Sunday, January 4, 2009

Star of the East

Some churches will celebrate the Feast of the Epiphany today, commemorating the visit of the Three Kings to Bethlehem, while some will wait until January 6, the twelfth day after Christmas and "official" date. Here at CWS we can mark it both days; there are plenty of Epiphany hymns to go around!

Brightest and best of the stars of the morning,
Dawn on God's people and lend us thine aid;
Star of the East, the horizon adorning,
Guide where our infant Redeemer is laid.

Cold on thy cradle the dewdrops are shining;
Low lies thy head with the beasts of the stall;
Angels adore thee in slumber reclining,
Maker and Monarch and Savior of all!

Shall we then yield thee, in costly devotion,
Odors of Edom and offerings divine?
Gems of the mountain and pearls of the ocean,
Myrrh from the forest, and gold from the mine?

Vainly we offer each ample oblation,
Vainly with gifts would thy favor secure;
Richer by far is the heart’s adoration,
Dearer to God are the prayers of the poor.

Brightest and best of the stars of the morning,
Dawn on God's people and lend us thine aid;
Star of the East, the horizon adorning,
Guide where our infant Redeemer is laid.

Reginald Heber, 1811; alt.
James P. Harding, 1892

Priest Reginald Heber wrote many hymns which were first published in the Anglican periodical Christian Observer. Later in life he was named Bishop of India, and while there he was pleased to hear this hymn "better than I ever heard (it) in a church before," sung during the dedication of a remote church near the Himalayas. It has since become one of the most well-known Epiphany hymns, sung across many denominations.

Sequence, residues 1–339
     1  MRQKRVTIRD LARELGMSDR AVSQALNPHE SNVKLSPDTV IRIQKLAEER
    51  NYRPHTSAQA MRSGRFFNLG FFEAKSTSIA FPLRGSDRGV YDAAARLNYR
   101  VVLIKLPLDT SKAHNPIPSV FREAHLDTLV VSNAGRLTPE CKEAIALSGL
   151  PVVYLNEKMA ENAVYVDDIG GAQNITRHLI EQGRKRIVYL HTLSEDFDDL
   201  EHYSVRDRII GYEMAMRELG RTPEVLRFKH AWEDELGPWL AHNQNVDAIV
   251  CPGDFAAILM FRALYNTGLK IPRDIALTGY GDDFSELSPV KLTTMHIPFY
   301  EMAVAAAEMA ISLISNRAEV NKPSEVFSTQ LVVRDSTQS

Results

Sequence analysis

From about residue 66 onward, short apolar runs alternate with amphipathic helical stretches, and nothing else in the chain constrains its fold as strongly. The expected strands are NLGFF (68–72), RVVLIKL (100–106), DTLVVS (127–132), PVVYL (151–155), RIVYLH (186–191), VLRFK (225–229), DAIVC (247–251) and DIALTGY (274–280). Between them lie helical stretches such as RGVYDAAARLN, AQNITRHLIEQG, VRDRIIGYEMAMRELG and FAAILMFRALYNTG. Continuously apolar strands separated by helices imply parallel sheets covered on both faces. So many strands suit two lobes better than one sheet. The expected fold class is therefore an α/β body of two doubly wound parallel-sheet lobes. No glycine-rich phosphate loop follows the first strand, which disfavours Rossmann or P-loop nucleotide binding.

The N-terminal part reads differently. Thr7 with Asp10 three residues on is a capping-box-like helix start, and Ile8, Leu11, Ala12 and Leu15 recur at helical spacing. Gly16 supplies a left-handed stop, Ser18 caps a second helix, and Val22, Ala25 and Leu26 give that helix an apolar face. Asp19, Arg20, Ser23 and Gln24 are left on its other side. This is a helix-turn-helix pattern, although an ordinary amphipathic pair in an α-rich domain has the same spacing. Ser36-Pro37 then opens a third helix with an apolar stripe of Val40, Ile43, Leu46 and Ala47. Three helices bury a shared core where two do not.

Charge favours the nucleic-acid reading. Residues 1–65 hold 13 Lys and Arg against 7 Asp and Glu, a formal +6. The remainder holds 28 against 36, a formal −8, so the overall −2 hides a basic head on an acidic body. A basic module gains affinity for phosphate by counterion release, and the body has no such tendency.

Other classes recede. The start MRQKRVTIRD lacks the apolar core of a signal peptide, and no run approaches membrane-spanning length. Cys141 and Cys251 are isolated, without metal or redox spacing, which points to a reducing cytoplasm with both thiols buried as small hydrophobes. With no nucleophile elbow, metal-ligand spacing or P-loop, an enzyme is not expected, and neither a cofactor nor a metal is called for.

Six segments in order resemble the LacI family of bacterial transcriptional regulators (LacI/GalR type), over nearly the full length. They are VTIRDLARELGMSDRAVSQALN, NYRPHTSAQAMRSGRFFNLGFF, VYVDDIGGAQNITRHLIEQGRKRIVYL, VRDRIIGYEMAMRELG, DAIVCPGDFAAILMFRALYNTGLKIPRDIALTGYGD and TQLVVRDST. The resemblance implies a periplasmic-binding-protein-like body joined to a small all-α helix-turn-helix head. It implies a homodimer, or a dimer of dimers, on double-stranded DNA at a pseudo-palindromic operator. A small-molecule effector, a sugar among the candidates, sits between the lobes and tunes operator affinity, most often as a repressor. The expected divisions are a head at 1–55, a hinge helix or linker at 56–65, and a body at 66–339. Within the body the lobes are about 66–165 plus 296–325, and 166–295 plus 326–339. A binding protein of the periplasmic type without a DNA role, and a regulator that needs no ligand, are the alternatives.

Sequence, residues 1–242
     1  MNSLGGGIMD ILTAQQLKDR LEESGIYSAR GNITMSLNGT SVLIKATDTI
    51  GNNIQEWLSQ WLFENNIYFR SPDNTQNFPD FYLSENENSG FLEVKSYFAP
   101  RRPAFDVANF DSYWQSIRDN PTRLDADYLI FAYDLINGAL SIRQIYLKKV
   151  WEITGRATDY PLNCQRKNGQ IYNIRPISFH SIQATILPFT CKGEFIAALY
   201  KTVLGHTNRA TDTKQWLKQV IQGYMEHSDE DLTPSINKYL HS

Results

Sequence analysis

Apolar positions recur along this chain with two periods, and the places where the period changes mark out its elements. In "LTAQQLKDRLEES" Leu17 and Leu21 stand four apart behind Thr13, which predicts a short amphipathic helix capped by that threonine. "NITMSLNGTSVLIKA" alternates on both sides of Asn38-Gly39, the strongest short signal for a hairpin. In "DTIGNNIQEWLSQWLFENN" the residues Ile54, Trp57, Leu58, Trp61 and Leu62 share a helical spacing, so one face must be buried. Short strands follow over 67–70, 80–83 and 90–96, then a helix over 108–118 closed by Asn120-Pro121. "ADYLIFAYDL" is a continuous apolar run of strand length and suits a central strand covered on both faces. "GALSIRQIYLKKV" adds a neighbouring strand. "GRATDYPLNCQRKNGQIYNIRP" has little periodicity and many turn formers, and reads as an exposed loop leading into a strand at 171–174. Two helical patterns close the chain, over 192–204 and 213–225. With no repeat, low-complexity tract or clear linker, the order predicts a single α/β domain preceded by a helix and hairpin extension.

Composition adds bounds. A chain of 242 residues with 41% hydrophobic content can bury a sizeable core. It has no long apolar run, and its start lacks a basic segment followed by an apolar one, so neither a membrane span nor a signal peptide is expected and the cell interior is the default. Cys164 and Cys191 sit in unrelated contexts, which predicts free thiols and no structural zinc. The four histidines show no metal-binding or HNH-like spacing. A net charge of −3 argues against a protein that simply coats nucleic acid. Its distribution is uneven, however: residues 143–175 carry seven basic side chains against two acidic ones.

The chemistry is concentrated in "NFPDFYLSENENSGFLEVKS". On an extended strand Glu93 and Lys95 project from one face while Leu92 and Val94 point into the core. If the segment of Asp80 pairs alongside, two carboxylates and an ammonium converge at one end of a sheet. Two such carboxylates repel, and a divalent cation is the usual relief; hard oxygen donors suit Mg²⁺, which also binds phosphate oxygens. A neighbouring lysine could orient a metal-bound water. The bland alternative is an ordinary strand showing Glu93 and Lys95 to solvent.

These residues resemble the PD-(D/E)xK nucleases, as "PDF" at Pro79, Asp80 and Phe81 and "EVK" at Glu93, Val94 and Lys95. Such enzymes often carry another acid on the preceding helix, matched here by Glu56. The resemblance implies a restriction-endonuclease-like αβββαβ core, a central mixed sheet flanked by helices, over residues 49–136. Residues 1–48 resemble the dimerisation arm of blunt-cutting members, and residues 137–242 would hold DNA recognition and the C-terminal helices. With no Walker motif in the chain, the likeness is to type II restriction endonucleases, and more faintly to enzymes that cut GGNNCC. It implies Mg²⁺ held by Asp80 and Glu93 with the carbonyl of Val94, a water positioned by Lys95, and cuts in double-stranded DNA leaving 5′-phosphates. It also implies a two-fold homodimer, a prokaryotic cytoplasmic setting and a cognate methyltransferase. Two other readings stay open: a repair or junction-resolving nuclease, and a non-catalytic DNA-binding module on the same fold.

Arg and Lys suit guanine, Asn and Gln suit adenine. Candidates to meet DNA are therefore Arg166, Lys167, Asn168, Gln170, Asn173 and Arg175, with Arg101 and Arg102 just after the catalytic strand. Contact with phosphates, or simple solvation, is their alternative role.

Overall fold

Leland Bryant Ross said...

I wonder what tune Heber heard it sung to. Harding's Morning Star is certainly the most common setting in American hymnals, but it wasn't written till long after Heber's death (in, I think, 1826). I'm rather partial to the shapenote tunes for this hymn—the Southern Harmony's Star in the East and Walker (given in the New Century Hymnal), and the Sacred Harp's Star in the East, preferably the Christmas version beginning with the anonymous "Hail the blest morn" and utilizing "Brightest and best" as the refrain, but my online hymnal also sets gives several other tunes (J F Thrupp's Epiphany Hymn, H Walford Davies' Wallog, Dykes' St Ninian, Epiphany (Wesley), and the anonymous German Liebster Immanuel, this last being the only one old enough to have been sung near the Himalayas in Heber's lifetime. Any ideas?

One little quibble: The 12th day of Christmas is January 5th, not the 6th. Though of course the Armenian Orthodox, celebrating Christmas on January 19th, would beg to differ.

Leland aka Haruo

AuntE said...

The tune I favour is one written by Canadian Healey Willan, STELLA ORIENTIS. In fact, this is the only tune I've ever heard with these words. I'm guessing it's more commonly found in Canadian hymnals.

Anonymous said...

Isn't it the 12th day AFTER Christmas?

Leland Bryant Ross said...

January 6th is the 12th day after Christmas, but January 5th is the 12th day of Christmas, in the old church calendar where Christmas is a twelve-day feast.

Leland aka Haruo

C.W.S. said...

Well, I did count it out on my fingers but I was obviously counting days after Christmas. Fixed now.

Healey Willan's hymn tunes are not very well known in the US though his anthems and some of his service music have been popular. STELLA ORIENTIS is a nice tune that was on a Willan CD several years ago with my own favorite of his tunes, ST. OSMUND.

As to which tune was used way back in India, there was no reference to the tune in the place I found the anecdote. The German one seems unlikely, but it's hard to tell. The hymn was never actually published in a hymnal in Heber's lifetime, and anyway hymnals at that time didn't include the tunes.